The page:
One of the many sighted benefits to the employer is the shift of expenses and capital outlay from the organization to the employee. The employee tends to purchase a more powerful and capable device than the organization would otherwise have issued them. Furthermore, with the high frequency in new hardware versions being released by the manufacturers, employees tend in general to upgrade more frequently too.

As for benefits to the employee, they now get to use the device of their choice as opposed to the standard issue company laptop and phone, their morale is understandably increased and as a result productivity is positively impacted.  Layer in an employer subsidy for the monthly fees or data plan and the employee sees the additional benefits of utilizing their own device.

However that same flexibility results in an increase in the number of variations of devices to be supported, posing a daunting challenge for the help desk to make sure that not only are the end users kept up and running, but that each device type and configuration isn’t causing a security issue.

Indeed, compliance requirements such as SSAE16, PCI, HIPPA or PPI may exist for the organization that need to be adequately addressed in a BYOD policy. Whether it is through the system architecture, individual platform mechanisms or data protection policies, these standards need to be kept in mind and thought about well ahead of rolling out an initiative such as this.

With corporate data being accessed through a non-company device, the question of ownership and control needs to be addressed. With the loss of control it becomes harder for the organization to dictate what devices can be used for (such as social media, online shopping, etc.) and what rights the organization has to manage that device. Can they remote wipe or disable the device? And in that event what happens to the employee’s personal data? Sound policies addressing those and other security questions need to be developed and agreed upon prior to rolling out a BYOD approach.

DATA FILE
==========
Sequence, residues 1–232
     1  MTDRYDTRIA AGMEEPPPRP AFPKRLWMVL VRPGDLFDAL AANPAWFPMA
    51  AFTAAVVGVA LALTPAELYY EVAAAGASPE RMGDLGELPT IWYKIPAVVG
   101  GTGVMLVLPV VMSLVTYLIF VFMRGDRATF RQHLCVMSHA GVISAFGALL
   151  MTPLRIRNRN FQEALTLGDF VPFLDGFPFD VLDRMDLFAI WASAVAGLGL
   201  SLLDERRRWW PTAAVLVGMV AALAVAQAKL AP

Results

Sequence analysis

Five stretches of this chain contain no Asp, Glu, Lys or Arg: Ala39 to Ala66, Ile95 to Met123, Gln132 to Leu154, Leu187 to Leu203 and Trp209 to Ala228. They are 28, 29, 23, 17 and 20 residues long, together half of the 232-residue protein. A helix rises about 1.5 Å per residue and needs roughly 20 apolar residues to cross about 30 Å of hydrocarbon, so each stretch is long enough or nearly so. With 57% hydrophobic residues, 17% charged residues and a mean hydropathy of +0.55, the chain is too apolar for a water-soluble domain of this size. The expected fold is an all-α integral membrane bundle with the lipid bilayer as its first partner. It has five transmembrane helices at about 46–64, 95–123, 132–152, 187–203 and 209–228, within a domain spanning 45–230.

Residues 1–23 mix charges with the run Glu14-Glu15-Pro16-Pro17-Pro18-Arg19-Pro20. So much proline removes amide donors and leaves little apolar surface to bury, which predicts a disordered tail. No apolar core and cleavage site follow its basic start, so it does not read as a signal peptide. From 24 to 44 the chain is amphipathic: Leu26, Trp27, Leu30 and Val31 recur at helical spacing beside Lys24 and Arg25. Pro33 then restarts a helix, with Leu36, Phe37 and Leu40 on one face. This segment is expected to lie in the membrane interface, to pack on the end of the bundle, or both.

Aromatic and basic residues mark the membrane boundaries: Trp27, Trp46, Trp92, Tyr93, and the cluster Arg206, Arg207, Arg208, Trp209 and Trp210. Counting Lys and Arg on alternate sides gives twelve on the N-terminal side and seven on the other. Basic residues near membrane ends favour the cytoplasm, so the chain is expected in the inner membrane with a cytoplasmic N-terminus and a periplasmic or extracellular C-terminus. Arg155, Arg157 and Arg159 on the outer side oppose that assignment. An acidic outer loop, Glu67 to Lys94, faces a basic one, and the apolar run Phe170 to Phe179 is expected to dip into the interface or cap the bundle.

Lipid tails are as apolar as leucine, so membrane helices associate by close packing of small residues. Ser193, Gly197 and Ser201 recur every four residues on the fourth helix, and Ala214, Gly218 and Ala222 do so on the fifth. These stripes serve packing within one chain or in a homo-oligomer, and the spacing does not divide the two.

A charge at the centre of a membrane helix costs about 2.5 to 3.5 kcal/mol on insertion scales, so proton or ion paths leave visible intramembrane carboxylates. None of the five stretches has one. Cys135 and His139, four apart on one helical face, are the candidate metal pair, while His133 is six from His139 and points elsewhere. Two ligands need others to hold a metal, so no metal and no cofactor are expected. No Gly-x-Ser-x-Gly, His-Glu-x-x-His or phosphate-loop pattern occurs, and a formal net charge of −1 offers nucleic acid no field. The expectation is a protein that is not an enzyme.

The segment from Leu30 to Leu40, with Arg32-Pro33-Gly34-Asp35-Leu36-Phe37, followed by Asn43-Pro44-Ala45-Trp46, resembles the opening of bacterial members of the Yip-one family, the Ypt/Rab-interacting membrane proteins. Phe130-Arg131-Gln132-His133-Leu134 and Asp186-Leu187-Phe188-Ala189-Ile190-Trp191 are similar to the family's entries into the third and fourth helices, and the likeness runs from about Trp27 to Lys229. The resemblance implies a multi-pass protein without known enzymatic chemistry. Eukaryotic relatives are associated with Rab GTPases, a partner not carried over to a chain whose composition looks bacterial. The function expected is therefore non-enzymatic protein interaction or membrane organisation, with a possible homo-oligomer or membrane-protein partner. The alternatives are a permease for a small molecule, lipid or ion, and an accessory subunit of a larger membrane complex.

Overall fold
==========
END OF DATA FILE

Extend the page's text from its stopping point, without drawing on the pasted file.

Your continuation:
Establishing these policies should not be a stuck point in implementing a BYOD environment. There are technical solutions such as desktop virtualization, unified Mobile Device Management (MDM) platforms and other such tools that can be used to ensure that, from a technical standpoint, the impact of a BYOD approach doesn’t introduce anymore security concerns than if the device was owned and managed by the organization.

In any event, whether you decide to formally adopt BYOD or not, you may inadvertently be supporting it already, so it would be worth spending some time considering the ideal approach for your organization.

If expectations are set clearly and the platform developed ahead of time there is no reason a BYOD plan can’t be beneficial and positive for both the employee and organization.